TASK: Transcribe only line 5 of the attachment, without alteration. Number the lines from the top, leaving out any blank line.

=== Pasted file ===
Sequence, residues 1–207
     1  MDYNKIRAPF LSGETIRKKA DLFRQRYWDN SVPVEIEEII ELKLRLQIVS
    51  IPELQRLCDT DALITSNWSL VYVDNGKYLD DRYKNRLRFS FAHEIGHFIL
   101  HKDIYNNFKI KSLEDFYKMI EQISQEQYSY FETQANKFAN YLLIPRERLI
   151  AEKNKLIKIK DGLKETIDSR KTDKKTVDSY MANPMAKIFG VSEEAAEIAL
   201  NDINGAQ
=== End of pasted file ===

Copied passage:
   151  AEKNKLIKIK DGLKETIDSR KTDKKTVDSY MANPMAKIFG VSEEAAEIAL